An Abundance of Space: Commercial Space in New State College High-Rises Has Been Slow to Fill, but Offers a Promising Future –

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Kandy Weader of Keystone Real Estate at The Standard, 330 West College Avenue (Photo by Darren Andrew Weimert)
From 2016—when the Fraser Centre kicked off the high-rise boom—to 2023—when the currently under construction 12-story building on Hetzel Street and College Avenue is planned to open—roughly 320,000 square feet of retail and commercial space will have been added to State College in newly constructed high-rise apartment buildings downtown. That is about the size of two Walmart Supercenters. 
When developers introduce these new projects, all that space always sounds pretty great. Who wouldn’t want a new grocery store in the heart of town besides interesting boutique stores? What’s not to like about fun restaurants with outdoor seating in the busy parts of town, and commercial space to draw firms with high-paying jobs for young professionals? 
Yet, despite all this promise, much of this space remains empty. The borough and others are working to help the space live up to its potential of providing a more vibrant and modern downtown.
A plan with bookends
State College’s recent upward growth started in the early 2000s, long before borough Director of Planning Ed LeClear came onboard in 2014.
A downtown development strategy was put in place in coordination with the Downtown Improvement District, with the realization that growth was needed somewhere to help increase the tax base while preserving some of the small-town feel that people have grown to love about State College.
The plan was “focused on mixed-use development and encouraging more commercial space downtown,” says LeClear. Zoning changes in 2005 and a few amendments in 2006 and 2007 helped usher in larger high-density projects. The tradeoff for being able to build higher was that the plans had to include at least two floors of commercial space. 
“The logic of council at the time, and has been since, was to increase the density on the edges of downtown, almost like bookends, and to preserve what I would consider the main street—the heart of downtown being really from the churches on College [Avenue] down Burrowes [Street] and the Allen [Street] spine of the 100 to 200 block,” says LeClear.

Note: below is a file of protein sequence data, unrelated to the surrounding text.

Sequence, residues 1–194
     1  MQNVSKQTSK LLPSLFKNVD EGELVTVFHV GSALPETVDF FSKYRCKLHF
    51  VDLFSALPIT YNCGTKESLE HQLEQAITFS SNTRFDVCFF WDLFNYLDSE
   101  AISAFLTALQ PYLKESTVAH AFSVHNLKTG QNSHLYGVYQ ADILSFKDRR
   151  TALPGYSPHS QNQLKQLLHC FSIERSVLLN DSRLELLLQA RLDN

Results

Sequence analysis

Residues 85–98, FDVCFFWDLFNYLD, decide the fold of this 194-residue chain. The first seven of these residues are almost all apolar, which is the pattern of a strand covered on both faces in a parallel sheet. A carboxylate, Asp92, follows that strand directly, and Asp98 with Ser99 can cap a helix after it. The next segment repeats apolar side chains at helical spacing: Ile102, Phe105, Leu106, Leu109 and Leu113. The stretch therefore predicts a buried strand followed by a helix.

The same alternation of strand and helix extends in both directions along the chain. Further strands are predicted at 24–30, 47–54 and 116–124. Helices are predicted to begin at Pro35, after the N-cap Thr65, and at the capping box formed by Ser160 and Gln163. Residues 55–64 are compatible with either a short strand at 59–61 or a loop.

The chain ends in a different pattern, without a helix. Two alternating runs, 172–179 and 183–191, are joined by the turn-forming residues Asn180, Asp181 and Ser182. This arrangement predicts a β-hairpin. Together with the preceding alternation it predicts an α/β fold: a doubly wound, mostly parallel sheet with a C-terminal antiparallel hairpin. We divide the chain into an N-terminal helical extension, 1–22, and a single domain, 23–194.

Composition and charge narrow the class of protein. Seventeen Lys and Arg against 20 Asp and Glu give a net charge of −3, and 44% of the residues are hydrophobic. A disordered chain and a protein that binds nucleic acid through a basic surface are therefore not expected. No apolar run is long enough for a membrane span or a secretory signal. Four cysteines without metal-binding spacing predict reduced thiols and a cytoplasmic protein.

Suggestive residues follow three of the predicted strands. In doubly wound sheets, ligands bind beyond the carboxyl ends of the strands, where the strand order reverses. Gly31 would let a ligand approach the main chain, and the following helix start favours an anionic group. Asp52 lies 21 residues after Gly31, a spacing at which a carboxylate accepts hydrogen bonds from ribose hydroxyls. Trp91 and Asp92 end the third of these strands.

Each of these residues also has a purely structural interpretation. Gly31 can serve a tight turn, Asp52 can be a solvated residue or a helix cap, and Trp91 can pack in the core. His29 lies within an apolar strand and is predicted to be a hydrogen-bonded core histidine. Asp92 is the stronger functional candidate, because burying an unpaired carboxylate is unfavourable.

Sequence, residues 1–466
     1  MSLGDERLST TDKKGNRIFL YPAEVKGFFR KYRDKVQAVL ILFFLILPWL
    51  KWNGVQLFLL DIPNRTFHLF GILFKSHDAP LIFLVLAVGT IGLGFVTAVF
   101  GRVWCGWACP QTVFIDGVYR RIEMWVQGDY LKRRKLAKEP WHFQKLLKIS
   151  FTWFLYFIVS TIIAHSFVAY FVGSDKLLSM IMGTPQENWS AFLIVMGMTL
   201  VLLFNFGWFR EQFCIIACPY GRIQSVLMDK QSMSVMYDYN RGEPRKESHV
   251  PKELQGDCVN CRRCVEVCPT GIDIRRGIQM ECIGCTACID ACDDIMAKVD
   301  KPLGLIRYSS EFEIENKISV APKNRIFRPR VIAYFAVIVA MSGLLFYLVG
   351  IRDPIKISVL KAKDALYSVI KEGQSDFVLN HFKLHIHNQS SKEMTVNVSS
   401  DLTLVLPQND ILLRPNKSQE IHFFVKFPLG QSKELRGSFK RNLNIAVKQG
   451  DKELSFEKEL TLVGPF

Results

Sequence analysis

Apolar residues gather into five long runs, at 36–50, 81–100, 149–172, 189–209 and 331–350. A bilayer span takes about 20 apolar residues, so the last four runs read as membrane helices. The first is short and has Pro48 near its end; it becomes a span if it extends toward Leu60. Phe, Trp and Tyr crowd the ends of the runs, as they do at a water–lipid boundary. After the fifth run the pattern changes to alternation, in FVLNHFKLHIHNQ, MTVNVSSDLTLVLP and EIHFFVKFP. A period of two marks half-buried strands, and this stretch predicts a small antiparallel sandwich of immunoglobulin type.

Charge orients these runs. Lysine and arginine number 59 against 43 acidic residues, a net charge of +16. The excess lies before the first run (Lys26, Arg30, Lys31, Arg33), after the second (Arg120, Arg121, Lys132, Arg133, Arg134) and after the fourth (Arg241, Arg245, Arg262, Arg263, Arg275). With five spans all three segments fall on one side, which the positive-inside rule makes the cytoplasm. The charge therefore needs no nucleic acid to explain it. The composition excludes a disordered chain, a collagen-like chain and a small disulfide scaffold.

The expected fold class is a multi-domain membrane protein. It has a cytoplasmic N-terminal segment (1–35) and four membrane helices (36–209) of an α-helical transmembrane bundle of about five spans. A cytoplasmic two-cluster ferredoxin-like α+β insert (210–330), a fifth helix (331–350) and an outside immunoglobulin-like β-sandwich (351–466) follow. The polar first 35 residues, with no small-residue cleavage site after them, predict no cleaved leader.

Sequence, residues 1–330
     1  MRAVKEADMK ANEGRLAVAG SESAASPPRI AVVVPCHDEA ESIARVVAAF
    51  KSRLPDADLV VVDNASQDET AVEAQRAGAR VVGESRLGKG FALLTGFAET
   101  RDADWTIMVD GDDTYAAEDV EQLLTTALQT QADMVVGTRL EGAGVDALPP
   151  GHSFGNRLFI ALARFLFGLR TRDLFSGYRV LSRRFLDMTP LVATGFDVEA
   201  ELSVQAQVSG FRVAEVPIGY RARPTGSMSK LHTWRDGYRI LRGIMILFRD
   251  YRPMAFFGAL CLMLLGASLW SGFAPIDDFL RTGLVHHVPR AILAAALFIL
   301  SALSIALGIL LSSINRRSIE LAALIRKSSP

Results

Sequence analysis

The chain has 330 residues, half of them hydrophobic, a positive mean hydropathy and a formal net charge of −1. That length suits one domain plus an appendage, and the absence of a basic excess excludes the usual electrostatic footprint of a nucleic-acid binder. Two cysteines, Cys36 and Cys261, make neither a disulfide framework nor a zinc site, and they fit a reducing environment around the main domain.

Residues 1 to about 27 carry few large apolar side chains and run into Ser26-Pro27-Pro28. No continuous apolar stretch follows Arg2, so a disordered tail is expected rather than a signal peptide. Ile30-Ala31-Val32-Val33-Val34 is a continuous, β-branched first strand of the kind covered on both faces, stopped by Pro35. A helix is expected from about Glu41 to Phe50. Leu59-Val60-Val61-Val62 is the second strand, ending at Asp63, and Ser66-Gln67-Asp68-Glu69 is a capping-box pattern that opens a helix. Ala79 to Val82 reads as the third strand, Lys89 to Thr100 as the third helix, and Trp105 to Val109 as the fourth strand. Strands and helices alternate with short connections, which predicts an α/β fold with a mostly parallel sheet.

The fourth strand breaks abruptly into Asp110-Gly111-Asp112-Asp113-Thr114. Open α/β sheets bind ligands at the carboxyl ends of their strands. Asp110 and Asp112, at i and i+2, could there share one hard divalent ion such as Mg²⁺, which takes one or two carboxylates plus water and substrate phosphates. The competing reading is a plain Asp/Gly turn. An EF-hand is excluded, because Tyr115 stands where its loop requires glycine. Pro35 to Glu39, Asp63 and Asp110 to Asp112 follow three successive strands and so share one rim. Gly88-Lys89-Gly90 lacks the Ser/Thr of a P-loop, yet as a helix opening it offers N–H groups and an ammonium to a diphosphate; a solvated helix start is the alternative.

Another big zoning change came in 2013, which LeClear says “allowed The Metropolitan to get the changes made at that time that really opened up the door for more of the student housing developments or purpose-built student housing.”
He says the zoning focus was for a mix of use, not just residential apartments. “The second main objective was to get more businesses to locate. That’s why you see the second-floor office space. So, it wasn’t just for the retail spaces on the first floor; it was also to get firms to locate in downtown.”
If you zone it, they will come
With that zoning in place, downtown has developed that bookend feeling they were looking for, with new high-rises now dominating the east and west sides of town.
On the west side, standing tall above the rest of the skyline, are 12-story Fraser Centre (opened in 2016), The Metropolitan (2017), and the recently opened The Standard.
On the east side of town, the 12-story Rise sprouted up in 2018, followed by the 12-story The Maxxen (formerly Here State College). Between Rise and Maxxen, construction for another 12-story mixed-use building on the corner of Hetzel began last year. Chicago-based Core Spaces plans to wrap up construction in 2023.
All these spaces contain that mix of retail and commercial space on the bottom floors.
On Beaver Avenue, seven-story The Edge opened in 2018 with office space on the top floor and retail space on the ground floor. The seven-story Pugh Centre opened in 2020 with 6,000 square feet of yet-to-be-filled commercial space on the first two floors and apartments on the remaining five floors.
That is a lot of growth in a short time. Some of the potential of these spaces has been unlocked. Preceding the student housing rush, Fraser Centre opened with tenants in place including a hotel, Target, condominium occupants, and H&M (H&M recently vacated their space in the building). 
In 2020, right before the pandemic began, local start-up KCF Technologies opened its new main office in the commercial space on the second floor of The Metropolitan, giving the high-rise on the main intersection of town another major tenant to go along with local favorite Tadashi Japanese Restaurant’s second location and national gym brand Orange Theory Fitness in the bottom retail space. But other buildings’ retail and commercial spaces remain vacant, with only a few businesses trickling in. Was it too much, too fast?